Finding Solace In A Good Father

It isn’t very often you find yourself on the receiving end of toilet paper shortages, mass panic, and a global pandemic. A few months ago, 2020 hardly seemed like the year our nation, and our world, would face something few in this lifetime have endured. And yet, here we are. Thousands of schools have shuttered their doors, families have sheltered safely in their homes, and the world has begun to move in slower motion. In a nation where we seldom stop to take a deep breath, we are relegated to working from home, perhaps forcing our hand to try a simpler way of life.

Some have gotten aboard a hypothetical ship of panic, with anxiety seated firmly at the helm. Others have chosen to stock up on the essentials, toilet paper and Redbox movies included, for weeks of solitude (every introvert’s dream). Another group seems less concerned, and have adjusted to “business per usual”, though nothing is of the usual variety these days. Regardless of the mindset you have adopted during these uncertain times, it is important that we as believers choose daily to ask for peace and wisdom to guide our actions, do God’s will, and serve others.

In the book of John (14:27), we see Jesus nearing the end of His time on earth, telling the disciples, “Peace I leave with you; my peace I give to you.” He had walked with the disciples for three years, calming the storms, providing food, and enduring the world alongside them as a human. And yet, He never wavered, never sinned, and never was sidetracked from His duties on earth. He was their sense of security, and He was leaving. Jesus received His own peace from rising early in the morning to convene with His father (Mark 1:35), and was verbally stating He would leave His peace with the disciples. John 14:27 continues with,

“I do not give to you as the world gives. Do not let your heart be troubled and do not be afraid.”

If the son of God spent time daily with His Father, then should we not do that as well? We must go to our good Father daily to be filled with peace. “Do not be afraid” is a commandment, not a suggestion, for our daily life. To truly live this out, we must present our requests in prayer to Him, and we will receive peace  that surpasses all understanding and will guard our hearts and minds (Philippians 4:6-7).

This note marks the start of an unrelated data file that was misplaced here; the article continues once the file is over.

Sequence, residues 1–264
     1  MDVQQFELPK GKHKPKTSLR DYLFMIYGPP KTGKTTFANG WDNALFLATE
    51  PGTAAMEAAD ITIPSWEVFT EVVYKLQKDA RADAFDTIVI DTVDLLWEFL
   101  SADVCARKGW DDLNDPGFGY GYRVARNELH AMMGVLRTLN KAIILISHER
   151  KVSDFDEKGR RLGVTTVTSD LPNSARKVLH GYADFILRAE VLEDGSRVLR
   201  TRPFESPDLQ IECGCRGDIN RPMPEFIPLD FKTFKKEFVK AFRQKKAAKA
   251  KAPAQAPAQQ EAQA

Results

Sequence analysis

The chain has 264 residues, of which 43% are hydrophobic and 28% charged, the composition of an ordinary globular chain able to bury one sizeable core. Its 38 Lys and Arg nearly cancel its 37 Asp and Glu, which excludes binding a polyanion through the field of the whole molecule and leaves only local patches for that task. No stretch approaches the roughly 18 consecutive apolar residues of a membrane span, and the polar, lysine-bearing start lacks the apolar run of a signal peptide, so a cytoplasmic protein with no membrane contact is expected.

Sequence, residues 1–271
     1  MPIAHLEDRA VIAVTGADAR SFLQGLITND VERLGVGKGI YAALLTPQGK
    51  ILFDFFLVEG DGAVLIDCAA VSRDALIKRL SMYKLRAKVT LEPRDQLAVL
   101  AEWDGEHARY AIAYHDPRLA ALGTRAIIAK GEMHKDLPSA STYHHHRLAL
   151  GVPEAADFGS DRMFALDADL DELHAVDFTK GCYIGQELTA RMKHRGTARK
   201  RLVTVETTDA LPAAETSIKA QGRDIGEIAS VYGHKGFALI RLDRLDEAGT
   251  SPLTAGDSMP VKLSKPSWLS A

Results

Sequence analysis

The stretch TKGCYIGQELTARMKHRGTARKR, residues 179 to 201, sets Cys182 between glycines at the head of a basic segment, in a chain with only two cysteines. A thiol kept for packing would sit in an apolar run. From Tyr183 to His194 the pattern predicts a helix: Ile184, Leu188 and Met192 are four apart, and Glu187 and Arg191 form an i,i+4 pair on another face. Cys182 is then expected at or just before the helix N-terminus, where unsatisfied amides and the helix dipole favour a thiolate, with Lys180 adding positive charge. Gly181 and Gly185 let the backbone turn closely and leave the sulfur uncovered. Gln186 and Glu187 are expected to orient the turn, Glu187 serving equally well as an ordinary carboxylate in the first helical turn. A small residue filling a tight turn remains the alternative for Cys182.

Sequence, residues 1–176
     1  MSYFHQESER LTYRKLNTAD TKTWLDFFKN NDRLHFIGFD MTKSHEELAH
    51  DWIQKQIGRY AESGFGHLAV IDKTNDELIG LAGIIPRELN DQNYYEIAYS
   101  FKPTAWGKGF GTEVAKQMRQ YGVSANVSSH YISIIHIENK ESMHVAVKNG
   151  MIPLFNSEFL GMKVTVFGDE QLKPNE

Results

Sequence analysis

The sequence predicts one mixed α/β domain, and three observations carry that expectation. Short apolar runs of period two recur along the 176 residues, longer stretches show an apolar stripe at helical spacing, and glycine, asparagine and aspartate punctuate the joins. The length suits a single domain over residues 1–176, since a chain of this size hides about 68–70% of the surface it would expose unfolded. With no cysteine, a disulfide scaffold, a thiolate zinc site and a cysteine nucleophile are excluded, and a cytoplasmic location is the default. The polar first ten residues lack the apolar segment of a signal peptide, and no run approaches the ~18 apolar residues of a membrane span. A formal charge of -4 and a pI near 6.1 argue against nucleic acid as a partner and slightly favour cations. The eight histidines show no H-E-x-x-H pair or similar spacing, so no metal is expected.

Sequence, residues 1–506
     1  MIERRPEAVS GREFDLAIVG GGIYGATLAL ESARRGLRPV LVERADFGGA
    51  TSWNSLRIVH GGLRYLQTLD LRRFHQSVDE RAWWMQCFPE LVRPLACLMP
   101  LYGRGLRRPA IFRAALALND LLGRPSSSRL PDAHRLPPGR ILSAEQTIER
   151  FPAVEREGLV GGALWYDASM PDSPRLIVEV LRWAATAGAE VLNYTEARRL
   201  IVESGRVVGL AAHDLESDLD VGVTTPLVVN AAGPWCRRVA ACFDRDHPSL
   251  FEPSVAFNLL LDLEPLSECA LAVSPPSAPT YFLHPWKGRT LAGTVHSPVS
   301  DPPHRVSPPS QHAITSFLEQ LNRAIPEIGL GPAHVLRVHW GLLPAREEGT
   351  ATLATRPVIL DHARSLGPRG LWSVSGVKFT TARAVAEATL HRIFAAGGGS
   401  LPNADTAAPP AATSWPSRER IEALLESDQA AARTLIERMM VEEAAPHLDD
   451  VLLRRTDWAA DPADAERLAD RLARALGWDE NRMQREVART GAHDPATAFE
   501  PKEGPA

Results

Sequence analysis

With the peace we find from seeking Him daily (through prayer and reading the Bible), we need to be mindful of how we are spending our time. In this season especially, we see so many people seeking peace and security, desperately searching for something. We have a duty as believers to watch for this and be willing to share the hope of our salvation with a lost and broken world. 2 Thessalonians 3:13 encourages us, “and as for you, brothers and sisters, never tire of doing what is good”. This may look like actively sharing the gospel to a stressed cashier at Walmart, bringing groceries to a neighbor, or praying with someone over the phone.

As believers, clothed in the armor of God (Ephesians 6:11), we can speak truth to those without hope, encourage community, and look for ways to actively serve others. Although we cannot meet in physical church buildings, we can use technological platforms to meet as a group. We can reach out to an elderly neighbor and offer to gather their groceries or run an errand. We can check in on our friends and family caring for the sick in hospitals, send letters to those in rehab and nursing home facilities, and encourage each other daily with the gospel. Praise Jesus, for we do not have to grieve as others do who have no hope (1 Thessalonians 4:13).

Pray with me as we place our trust, hope and faith in the God who never fails to hold us in His mighty hands.

Lord, though we may be feeling saddened, lonely, or afraid today in the midst of our global circumstances, we rest in you. We pray over those who are ill, as well as the men and women who are diligently caring for the sick in hospital facilities. We trust that you, who made the heavens and the earth and created light to burst through the darkness, are on your throne. Even in a global pandemic, you are good. We pray that you will instill peace in our hearts, challenge us, and guide our steps as we look to You. Let us do Your work ever more diligently in times of great strife as we anxiously await your return. Until that day, we trust and hope in Your perfect and holy name. Amen.

Katlynn Hutchcraft is a follower of Jesus, wife, dental hygienist and graduate student. She and her husband are members of a local church, where they serve in the children’s ministry and in the young married couples’ class. She is passionate about education and increasing access to healthcare, creating community for women in Southern Illinois, and spending quality time with family and friends. In her spare time she enjoys a good book and coffee, crafting, and thrift shopping.